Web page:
End-of-Life vehicle recycling to see big growth in GCC
Dubai, July 9, 2014
Stricter laws, green marketing and public-private partnerships are key drivers for end-of-life vehicles recycling market in the GCC, a report said, adding that automobiles have high potential for recovery, making it a lucrative market.
A fast catching up trend globally, End-of-Life Vehicles (ELV) recycling, is a market with high growth potential in the GCC, added an analysis released by Frost & Sullivan, a growth partnership company.
Though currently at a nascent stage with the first plant being opened in Sharjah in 2013, the GCC countries have the potential to recover 0.9 million tonnes of metal by 2020, the analysis said, noting that automobiles are one of the highest recyclable-engineered goods produced, with recovery rates of almost 90 per cent.
According to the analysis, vehicle sales in the GCC is likely to grow at a compound annual growth rate (CAGR) of 5 per cent between 2014 to 2020 with Saudi Arabia and the United Arab Emirates dominating with a combined market share of 76.5 per cent.
Middle East in general and the GCC in particular is a fast growing market for automobile industry. Higher standards of living combined with other factors like improved per capita income, auto-financing programmes and lack of public transportation system and growing population are driving the auto sales in the region.
According to Frost & Sullivan estimates, 58 million tonnes of metal is expected to be recovered from ELV recycling by 2020, globally. Vehicle ownership globally has been increasing higher than the population and has already crossed the one billion mark, which has also resulted increase in generation of ELV. Since ELV consist 73-75 per cent metal, it has been traditionally traded as valuable secondary resource and is easily recyclable.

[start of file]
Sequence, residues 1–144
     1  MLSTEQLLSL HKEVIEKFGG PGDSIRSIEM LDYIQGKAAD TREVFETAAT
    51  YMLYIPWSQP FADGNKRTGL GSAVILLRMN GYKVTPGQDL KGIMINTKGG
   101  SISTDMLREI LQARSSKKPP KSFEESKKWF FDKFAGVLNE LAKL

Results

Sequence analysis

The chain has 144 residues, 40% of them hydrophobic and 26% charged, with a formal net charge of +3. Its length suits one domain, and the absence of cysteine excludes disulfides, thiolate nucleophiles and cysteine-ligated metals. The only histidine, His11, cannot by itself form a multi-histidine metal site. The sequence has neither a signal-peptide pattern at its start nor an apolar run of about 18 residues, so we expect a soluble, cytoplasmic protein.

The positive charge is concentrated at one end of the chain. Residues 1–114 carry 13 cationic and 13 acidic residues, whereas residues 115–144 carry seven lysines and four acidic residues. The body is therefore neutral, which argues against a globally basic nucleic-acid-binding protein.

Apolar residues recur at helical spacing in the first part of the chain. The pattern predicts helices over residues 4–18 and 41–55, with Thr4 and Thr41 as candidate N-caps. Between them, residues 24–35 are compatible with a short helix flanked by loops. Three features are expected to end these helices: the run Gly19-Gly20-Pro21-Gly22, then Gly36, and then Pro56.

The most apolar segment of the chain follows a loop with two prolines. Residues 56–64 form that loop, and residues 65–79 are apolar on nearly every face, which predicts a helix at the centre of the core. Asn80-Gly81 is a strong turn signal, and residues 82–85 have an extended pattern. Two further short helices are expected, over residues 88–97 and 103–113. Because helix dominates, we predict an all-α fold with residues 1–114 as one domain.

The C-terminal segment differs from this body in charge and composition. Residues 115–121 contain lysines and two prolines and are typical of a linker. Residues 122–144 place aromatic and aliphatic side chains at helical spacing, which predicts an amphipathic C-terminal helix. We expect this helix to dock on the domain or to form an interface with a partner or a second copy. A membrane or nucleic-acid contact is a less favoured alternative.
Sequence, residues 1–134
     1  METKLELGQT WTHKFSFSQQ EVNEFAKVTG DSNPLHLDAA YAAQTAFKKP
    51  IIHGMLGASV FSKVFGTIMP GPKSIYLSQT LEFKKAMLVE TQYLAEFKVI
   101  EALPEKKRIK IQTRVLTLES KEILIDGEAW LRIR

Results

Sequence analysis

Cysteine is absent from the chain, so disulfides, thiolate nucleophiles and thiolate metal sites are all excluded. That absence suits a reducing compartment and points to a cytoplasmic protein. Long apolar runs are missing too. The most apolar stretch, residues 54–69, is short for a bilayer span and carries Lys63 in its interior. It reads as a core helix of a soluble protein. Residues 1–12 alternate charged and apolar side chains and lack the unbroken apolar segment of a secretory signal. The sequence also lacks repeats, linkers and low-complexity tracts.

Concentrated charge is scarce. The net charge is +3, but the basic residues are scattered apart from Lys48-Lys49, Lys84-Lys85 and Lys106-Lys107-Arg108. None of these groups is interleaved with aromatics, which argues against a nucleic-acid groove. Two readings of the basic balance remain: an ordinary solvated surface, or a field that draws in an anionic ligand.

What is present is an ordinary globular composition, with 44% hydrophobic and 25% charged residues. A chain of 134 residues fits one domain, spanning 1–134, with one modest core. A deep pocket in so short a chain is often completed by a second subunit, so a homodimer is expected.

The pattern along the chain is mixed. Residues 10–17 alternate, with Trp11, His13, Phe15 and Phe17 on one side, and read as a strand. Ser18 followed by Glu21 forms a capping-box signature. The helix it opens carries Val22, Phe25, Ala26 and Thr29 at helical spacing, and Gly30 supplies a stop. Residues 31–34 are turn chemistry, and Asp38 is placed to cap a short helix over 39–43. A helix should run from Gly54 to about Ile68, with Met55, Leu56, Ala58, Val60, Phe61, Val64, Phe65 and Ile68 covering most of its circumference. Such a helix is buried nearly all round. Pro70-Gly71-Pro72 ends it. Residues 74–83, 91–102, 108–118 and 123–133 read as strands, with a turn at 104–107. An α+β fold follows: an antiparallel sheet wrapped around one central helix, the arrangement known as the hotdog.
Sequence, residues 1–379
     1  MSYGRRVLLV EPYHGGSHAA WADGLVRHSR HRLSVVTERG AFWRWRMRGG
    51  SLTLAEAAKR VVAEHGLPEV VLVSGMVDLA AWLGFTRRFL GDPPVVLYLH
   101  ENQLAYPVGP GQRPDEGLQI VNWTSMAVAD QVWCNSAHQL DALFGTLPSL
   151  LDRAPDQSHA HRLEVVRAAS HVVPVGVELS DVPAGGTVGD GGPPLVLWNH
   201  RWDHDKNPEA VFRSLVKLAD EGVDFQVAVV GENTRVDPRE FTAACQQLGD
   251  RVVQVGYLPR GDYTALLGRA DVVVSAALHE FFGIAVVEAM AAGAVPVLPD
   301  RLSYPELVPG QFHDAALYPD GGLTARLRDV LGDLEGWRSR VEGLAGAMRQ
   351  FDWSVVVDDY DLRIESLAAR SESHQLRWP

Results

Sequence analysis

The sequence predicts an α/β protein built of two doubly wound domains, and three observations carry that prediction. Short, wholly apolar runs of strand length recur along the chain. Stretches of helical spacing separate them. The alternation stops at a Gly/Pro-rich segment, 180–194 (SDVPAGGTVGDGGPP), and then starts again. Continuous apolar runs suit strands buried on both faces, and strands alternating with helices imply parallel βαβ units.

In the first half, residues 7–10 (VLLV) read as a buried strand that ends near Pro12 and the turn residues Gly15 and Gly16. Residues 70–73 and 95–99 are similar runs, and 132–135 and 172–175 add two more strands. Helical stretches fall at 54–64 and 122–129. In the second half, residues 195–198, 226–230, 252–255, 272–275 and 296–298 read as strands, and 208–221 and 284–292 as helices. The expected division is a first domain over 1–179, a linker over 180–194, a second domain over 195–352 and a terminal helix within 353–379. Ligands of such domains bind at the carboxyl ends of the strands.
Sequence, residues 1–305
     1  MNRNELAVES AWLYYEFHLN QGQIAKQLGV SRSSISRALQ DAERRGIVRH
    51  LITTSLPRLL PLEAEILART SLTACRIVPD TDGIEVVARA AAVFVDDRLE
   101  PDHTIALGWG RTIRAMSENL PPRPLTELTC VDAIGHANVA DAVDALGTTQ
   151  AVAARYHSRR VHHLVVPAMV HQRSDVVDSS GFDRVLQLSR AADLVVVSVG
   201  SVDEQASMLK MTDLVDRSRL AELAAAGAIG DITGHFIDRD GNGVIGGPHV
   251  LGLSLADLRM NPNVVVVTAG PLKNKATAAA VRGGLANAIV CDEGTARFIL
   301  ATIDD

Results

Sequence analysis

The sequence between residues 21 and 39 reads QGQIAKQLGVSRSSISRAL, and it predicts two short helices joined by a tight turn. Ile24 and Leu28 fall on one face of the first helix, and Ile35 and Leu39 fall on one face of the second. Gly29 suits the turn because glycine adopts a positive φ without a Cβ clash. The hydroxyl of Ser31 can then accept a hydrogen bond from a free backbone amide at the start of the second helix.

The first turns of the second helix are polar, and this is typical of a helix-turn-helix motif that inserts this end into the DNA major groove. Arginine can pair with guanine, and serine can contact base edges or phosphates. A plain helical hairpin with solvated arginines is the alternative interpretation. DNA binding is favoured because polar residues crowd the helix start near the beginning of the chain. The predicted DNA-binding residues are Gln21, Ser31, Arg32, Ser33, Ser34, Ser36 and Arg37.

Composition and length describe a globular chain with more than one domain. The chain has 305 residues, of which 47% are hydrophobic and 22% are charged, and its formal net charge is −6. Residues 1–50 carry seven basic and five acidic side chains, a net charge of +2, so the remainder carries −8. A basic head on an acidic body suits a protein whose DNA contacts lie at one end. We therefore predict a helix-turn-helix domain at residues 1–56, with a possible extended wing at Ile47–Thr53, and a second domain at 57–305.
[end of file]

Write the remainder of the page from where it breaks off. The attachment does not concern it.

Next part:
The auto recycling industry plays an important role in conservation of natural resources through recycling and reuse of vehicle parts, automotive fluids and scrap metal. This has made “Sustainability” a key for success in todays’ automotive industry.
Today, most of the global car manufacturers have acknowledged that used cars are an important source of secondary raw materials and by closing the gaps in the material cycle through recycling, ELV contributes towards conservation of natural resources by providing renewable raw materials which are cost effective and environment conscious.
“Almost 1.17 million vehicles will be reaching End of Life state by 2020 in the GCC, which makes the GCC countries highly potent for ELV recycling,” said Subhash Joshi, senior consultant, Automotive & Transportation Practice, Mena, Frost & Sullivan. “ELV offers a sustainable business model for recyclers and part re-manufacturers, which is presently very limited in the region.”
Globally, countries are making it a priority to encourage recycling of ELV. Japan, for example, has outlined a law that defines responsibilities of automakers and other concerned parties in order to encourage the recycling, thermal recovery, and proper treatment of ELVs. In the GCC, Mercedes –Benz has made an inspiring effort on this front by developing their own recycling management system.
However, challenges like lack of unified regulations and infrastructure, limited attention to ecological impact of ELV disposal and minimal vehicle assembly and manufacturing in the region are hindering growth of ELV recycling market in the GCC.
To address these challenges, Frost & Sullivan believes that the GCC governments have to advocate stricter laws with respect to ELV recycling and initiate appropriate incentives for all stakeholders involved in the process.
Another important aspect is to initiate Green Marketing, to brand the automotive recycling industry as a professional organisation selling green, economical and safe recycled parts. Frost & Sullivan also recommends public-private partnership with cooperation of all stakeholders, and appropriate incentives, to develop an efficient and viable recycling industry in the GCC. – TradeArabia News Service